On a walk, you notice that your dog is stepping more gingerly or is limping rather than bounding along like their usual rambunctious self. When you get home, you notice that the bottom of their paws looks raw, and some of the skin has started to peel back. Dog paw pad peeling can be caused by an injury or a medical condition. Dog paw pad peeling can be very painful, so you should schedule a vet visit.
Symptoms of dog paw pad injuries
A dog's paw pads cover the bottom of their feet and include pigmented skin and the fat pads beneath it that cushion them from cold. Regardless of the time of year, the pads can be subjected to a variety of hazards while outdoors that can lead to them peeling. If you notice any of the following signs, it is likely that your dog has a paw pad injury, and they should be seen by a veterinarian as soon as possible:
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- Limping or "toe touching"
- Peeling, blistered, or broken skin on paw pads or between toes
- Reluctance to walk or run
- Bleeding from the paw
- Oozing pus or other liquid from the paw
- Excessive licking or chewing of the paw
- Reactive when paw is touched
- Glass, splinters, or other material visibly stuck in the paw pad
What causes a dog's paw pads to peel?
Dog paw pad peeling can have a variety of causes. If you do notice that your dog is having paw pad issues, consider the season, your dog's environment, and any concurrent health issues when trying to pinpoint the culprit.
Burns and chemical exposure in dog paws
A common cause in the case of winter weather, is the spread of ice-melt chemicals, which can lead to chemical burns that may cause peeling. And in the summer, sidewalks in the sun can heat up rapidly. Even at just 77 degrees Fahrenheit, the sidewalk temperature can rise to 125 degrees. Artificial turf can also cause burns. To test a surface to see if it's too hot for your dog, hold your hand on it for about seven seconds. Treat your dog like you would treat yourself. If it's painful for you, it will be painful for your dog.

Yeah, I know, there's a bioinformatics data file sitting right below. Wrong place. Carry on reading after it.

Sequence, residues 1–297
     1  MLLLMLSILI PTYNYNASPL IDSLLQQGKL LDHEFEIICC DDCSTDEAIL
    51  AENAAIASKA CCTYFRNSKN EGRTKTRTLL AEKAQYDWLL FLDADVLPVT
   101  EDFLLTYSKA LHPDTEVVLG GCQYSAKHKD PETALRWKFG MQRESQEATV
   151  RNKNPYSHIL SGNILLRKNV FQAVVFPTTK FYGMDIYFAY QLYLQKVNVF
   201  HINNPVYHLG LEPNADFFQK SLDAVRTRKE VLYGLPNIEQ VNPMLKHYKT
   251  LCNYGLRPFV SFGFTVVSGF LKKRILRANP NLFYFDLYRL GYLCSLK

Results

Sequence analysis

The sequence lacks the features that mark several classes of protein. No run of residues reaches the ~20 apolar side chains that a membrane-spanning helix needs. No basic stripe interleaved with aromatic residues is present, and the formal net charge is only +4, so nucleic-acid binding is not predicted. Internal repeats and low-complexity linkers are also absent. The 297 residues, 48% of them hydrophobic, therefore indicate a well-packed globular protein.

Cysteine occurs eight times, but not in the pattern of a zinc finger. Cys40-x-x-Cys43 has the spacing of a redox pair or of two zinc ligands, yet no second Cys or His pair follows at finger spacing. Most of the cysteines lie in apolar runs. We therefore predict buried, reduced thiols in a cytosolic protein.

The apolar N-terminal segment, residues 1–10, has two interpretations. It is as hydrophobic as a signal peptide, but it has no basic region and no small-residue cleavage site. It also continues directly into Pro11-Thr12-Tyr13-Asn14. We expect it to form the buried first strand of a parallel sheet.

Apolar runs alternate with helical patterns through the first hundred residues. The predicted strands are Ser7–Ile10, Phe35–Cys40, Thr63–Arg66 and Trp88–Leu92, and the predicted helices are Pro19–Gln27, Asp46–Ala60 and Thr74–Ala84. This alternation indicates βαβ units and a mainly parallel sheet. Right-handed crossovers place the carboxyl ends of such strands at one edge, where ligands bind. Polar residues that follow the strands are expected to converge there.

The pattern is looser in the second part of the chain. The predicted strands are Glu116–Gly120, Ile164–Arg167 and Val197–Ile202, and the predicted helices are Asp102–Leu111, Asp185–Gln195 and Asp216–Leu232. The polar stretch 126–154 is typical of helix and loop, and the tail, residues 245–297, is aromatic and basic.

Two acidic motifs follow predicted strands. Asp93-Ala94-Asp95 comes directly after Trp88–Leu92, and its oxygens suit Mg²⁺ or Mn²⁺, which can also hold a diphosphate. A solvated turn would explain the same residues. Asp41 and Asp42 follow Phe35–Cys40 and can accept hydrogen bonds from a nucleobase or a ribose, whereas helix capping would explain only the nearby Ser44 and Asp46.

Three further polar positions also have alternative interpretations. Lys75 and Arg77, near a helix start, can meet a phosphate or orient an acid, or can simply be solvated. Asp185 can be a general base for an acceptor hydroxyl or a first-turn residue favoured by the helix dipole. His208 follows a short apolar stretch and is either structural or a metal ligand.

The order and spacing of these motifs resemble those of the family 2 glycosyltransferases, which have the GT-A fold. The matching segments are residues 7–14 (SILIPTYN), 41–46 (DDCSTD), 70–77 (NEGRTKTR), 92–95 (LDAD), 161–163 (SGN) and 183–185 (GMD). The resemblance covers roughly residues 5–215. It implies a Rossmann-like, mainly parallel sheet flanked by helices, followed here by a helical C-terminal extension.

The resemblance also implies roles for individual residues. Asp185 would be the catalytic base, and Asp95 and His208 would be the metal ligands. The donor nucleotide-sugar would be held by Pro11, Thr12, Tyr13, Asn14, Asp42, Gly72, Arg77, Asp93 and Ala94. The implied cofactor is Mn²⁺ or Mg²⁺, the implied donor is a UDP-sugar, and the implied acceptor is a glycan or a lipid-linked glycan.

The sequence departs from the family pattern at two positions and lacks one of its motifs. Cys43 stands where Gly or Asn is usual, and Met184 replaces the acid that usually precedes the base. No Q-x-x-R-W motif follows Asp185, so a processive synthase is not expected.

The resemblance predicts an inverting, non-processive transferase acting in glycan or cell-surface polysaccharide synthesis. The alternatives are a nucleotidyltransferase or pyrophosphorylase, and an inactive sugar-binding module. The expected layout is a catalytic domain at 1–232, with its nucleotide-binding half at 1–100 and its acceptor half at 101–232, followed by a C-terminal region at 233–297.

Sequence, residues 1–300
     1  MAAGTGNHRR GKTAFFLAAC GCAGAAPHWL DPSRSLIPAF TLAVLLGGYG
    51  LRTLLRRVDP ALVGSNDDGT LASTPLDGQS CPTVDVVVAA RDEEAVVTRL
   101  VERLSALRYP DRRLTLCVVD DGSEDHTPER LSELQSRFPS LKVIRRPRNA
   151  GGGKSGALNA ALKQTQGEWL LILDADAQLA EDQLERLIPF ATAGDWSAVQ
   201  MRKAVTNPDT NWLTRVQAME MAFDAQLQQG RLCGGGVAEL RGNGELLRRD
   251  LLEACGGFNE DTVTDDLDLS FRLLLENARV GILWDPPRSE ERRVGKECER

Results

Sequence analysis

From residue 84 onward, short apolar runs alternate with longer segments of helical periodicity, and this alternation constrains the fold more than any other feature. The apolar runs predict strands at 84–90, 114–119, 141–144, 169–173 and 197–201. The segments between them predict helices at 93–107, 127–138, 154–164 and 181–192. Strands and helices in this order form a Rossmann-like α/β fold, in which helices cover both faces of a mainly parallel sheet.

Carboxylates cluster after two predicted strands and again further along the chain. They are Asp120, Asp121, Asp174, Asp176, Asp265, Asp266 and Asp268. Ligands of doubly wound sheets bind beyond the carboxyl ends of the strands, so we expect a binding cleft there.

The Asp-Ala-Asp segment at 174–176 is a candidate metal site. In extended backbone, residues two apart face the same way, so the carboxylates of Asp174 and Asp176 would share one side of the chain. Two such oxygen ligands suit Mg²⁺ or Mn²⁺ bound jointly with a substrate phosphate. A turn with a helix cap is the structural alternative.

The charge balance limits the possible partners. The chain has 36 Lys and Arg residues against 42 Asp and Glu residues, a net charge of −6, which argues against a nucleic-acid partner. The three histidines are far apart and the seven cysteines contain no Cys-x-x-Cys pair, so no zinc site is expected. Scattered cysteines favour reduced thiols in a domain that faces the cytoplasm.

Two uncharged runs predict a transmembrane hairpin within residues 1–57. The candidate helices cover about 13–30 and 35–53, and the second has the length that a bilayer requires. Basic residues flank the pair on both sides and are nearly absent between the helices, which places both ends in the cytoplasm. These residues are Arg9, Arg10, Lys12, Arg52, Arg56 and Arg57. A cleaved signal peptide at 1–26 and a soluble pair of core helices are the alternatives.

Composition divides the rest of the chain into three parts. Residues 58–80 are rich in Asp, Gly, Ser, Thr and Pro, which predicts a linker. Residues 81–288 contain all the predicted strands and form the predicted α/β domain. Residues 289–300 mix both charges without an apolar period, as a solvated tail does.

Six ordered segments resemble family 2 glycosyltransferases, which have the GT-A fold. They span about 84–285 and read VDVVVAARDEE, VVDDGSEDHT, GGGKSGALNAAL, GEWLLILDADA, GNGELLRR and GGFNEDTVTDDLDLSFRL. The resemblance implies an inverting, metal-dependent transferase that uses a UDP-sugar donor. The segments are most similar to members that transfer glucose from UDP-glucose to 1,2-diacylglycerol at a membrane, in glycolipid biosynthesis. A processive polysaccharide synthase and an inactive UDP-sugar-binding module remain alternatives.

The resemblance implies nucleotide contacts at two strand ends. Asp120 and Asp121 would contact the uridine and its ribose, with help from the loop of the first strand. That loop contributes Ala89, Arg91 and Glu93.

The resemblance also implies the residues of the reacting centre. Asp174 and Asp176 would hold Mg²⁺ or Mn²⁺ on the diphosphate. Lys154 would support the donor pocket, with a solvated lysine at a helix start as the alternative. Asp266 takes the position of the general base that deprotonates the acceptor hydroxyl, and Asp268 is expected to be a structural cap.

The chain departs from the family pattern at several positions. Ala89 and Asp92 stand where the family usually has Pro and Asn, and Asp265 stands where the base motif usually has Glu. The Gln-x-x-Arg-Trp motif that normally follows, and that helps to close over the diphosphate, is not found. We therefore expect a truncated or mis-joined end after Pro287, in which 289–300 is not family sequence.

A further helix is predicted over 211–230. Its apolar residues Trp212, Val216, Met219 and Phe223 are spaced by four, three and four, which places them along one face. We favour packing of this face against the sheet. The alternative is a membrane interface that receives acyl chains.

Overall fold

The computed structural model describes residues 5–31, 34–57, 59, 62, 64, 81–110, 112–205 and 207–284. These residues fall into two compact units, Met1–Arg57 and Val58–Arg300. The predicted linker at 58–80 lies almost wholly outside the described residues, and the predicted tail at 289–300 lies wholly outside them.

Abrasions and foreign objects in a dog's paw
Unlike you, your dog is going barefoot on their daily walks. They might step on a piece of glass or other sharp object that could cut the skin on the pad and cause it to peel. Or they may be running along a rough surface and come to a screeching stop to sniff something, causing an abrasion on their paw. Using dog boots in winter weather or hot weather, or on sharp walking surfaces can help with some of the common reasons why a dog's paw pads start to peel.
Allergies and illnesses that affect dog paws
Sometimes, canines who are allergic to their dog food or environmental factors will get itchy feet. After exposure to an allergen, these dogs will lick and gnaw at their paws to try to relieve the itch, which can result in redness, cracking, and peeling. Simple dry skin or excessive licking for any reason can also cause paw pad peeling.